All corners of the king­dom

It started with cats, and rab­bits were a log­i­cal ex­pan­sion. More re­cently, bird and reptile cafes have pro­lif­er­ated. But snakes and lizards, which carry sal­mo­nella on their skin, are a bad mix with food ser­vice. At Yoko­hama Rain­for­est Cafe, in the city that blurs into Tokyo’s south­west, the an­i­mals are out of reach, with only a few tur­tles on the loose. This place is said to be more of a cafe than most of its com­peti­tors, but I can’t re­port on the fare. When I vis­ited, it was closed for ren­o­va­tions.

Tokyo’s first owl cafe, Fukuro no Mise, opened in 2012, and it was fol­lowed by sev­eral im­i­ta­tors, some of which spe­cial­ize in hawks. I hit two bird types with one cover charge by vis­it­ing Asakusa’s Tori No Iru (loosely, “where the birds are”). This base­ment venue is di­vided be­tween teth­ered, perch­ing owls and a flock of mainly trop­i­cal birds that fly freely in an in­ner room.

The owls, mostly ju­ve­niles, do lit­tle but look cute and cool. If you ask, staffers will set one on your shoul­der. The par­rots are much live­lier.

Be­fore en­ter­ing the sec­ond cham­ber, cus­tomers don cam­ou­flaged pon­chos, which en­cour­age the birds to treat the peo­ple like trees (and pro­tect from drop­pings). The par­rots seemed to be en­joy­ing them­selves as much as their hu­man roosts, but a few other birds ap­peared less amused. The room had a small pond, but alone duck sim­ply sat on the floor. A Tokyo cel­lar is no place for a duck.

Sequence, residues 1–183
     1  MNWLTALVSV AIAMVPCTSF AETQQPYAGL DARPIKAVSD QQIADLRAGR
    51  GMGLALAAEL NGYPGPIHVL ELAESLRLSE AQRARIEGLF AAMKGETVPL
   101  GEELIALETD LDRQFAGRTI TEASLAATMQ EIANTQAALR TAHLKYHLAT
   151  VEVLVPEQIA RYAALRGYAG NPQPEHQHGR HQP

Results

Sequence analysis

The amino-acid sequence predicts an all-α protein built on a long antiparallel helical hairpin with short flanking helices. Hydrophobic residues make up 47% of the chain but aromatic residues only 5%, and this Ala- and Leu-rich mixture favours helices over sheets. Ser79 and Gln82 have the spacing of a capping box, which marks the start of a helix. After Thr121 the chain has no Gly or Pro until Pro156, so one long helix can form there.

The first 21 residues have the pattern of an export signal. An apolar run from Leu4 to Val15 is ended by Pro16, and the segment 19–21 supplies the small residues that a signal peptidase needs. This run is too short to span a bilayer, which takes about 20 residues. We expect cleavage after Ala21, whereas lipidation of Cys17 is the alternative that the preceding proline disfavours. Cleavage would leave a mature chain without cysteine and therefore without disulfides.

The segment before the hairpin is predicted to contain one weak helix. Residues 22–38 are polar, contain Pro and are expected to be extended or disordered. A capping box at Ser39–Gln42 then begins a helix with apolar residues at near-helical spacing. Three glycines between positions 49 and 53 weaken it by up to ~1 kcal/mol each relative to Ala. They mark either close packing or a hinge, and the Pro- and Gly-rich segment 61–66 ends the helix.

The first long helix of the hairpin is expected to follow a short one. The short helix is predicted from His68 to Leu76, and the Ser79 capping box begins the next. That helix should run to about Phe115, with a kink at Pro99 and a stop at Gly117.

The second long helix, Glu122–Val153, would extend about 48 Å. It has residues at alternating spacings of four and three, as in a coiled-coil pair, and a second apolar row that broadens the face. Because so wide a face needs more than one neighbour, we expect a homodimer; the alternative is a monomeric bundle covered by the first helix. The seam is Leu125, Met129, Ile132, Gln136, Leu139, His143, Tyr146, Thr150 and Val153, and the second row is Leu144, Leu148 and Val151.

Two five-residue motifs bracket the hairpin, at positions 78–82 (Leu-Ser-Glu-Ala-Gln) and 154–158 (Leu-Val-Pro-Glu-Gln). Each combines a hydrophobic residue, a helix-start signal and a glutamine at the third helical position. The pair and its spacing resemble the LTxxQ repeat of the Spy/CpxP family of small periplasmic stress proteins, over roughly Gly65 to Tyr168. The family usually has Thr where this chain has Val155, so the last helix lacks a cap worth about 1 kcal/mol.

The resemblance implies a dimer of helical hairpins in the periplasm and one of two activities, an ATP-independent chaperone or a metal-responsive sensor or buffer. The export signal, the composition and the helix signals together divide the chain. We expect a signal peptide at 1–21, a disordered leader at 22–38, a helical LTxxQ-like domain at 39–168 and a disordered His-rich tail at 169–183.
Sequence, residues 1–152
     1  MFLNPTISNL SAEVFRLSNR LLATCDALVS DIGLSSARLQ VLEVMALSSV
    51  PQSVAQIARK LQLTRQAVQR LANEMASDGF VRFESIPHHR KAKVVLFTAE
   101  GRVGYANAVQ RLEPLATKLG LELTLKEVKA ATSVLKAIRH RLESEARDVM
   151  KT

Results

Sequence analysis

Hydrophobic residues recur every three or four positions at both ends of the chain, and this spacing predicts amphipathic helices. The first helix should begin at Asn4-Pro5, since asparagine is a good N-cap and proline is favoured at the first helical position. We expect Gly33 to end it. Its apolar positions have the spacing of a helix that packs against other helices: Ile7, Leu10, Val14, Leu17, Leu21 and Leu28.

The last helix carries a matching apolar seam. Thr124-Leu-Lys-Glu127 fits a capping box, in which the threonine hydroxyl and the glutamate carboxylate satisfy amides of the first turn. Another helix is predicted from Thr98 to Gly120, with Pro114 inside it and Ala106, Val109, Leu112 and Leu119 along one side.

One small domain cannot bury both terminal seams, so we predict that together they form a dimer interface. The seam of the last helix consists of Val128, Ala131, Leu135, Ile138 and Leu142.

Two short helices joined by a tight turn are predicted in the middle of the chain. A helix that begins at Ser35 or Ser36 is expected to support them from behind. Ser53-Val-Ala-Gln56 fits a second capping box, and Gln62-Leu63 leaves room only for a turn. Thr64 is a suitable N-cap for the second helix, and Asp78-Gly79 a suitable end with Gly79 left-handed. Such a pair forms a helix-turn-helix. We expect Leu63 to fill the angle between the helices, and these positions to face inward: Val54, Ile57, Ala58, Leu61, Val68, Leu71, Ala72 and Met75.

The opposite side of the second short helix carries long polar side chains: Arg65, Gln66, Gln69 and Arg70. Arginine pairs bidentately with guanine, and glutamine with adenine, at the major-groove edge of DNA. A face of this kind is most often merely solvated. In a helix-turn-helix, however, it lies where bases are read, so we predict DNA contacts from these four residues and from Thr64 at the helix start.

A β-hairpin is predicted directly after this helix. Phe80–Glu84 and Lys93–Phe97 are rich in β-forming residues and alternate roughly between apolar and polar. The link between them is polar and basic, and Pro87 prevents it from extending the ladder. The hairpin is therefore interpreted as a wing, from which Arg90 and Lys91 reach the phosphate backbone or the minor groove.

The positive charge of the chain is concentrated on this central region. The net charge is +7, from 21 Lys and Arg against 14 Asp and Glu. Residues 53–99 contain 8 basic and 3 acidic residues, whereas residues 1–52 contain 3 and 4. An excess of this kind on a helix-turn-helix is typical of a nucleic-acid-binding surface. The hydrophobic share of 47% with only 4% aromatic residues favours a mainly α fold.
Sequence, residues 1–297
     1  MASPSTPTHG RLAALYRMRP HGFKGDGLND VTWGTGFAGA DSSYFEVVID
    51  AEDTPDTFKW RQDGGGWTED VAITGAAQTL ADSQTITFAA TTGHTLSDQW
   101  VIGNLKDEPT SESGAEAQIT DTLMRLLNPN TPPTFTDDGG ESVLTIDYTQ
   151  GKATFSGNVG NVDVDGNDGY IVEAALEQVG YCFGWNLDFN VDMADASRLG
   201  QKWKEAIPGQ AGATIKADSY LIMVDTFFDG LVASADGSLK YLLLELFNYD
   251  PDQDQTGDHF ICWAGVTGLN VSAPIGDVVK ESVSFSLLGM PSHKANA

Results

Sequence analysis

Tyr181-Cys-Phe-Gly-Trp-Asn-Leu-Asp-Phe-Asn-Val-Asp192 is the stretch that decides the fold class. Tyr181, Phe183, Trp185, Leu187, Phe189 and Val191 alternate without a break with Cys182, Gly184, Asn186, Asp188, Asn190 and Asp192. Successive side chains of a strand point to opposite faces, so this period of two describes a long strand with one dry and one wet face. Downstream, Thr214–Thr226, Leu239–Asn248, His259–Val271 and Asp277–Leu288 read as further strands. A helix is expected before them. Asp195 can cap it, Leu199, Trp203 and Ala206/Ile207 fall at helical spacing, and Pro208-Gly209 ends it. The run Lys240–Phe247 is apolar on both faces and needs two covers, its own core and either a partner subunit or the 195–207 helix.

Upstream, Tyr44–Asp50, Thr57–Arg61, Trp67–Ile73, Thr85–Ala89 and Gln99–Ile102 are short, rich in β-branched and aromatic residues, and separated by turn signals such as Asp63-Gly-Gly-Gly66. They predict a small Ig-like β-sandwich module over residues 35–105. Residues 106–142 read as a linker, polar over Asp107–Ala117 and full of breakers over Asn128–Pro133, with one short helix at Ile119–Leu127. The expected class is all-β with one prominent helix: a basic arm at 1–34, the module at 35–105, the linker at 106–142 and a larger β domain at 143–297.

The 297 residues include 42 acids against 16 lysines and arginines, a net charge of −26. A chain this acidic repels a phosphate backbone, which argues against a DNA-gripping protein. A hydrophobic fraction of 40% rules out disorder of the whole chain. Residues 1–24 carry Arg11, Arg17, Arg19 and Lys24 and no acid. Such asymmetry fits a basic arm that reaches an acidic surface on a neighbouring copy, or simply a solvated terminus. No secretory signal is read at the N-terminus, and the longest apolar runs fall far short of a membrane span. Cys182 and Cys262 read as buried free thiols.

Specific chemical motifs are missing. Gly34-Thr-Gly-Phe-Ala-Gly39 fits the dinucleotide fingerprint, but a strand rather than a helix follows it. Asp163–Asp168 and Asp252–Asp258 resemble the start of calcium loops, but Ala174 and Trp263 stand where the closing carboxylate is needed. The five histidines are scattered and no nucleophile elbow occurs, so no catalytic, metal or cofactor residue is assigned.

Tori No Iru’s owls are usu­ally young be­cause the birds are for sale, as are the an­i­mals in many Tokyo cafes. In fact, Fukuro no Mise means “owl shop,” not “owl cafe.” All the an­i­mals I saw looked to be well treated. But the mer­can­tile as­pects of an­i­mal cafes, as well as the fre­quent use of small cages, can make the whole trend feel a bit less kawaii.

So I ended my tour at Nekoen (“cat gar­den”), also in Asakusa. There are no rare breeds or un­canned bev­er­ages at this hum­ble sixth-floor venue. Just for­mer street cats and a pro­pri­etor, chatty in good English, who works closely with peo­ple who res­cue strays and so-called feral cats. So far, she told me, she’s found homes for more 130 of them. An hour at Nekoen costs about $6.50, but to the right guardian, the cats are free. That sounds like a bet­ter deal than cof­fee and a mac­aron with a $5,000 oci­cat. Jenk­ins writes about film, mu­sic and vis­ual art for The Washington Post and NPR.

IS­TOCK­PHOTO.

MARK JENK­INS

JUNKO KIMURA/GETTY IM­AGES

In Tokyo, cramped liv­ing spa­ces and per­va­sive nopet poli­cies have given way to a menagerie of cafes where adults can pay to cud­dle up. Clock­wise, from top: Pon­cho-wear­ing visi­tors be­come par­rot perches at Tori No Iru bird cafe in the Asakusa dis­trict; Neko­robi cat cafe in Ike­bukuro; a rentable res­i­dent at With Bunny in Asakusa; a baby owl perches on a visi­tor’s shoul­der at Tori No Iru.

MARK JENK­INS

MARK JENK­INS

MARK JENK­INS

Par­rots pass the time at Tori No Iru bird cafe in Tokyo’s Asakusa neigh­bor­hood.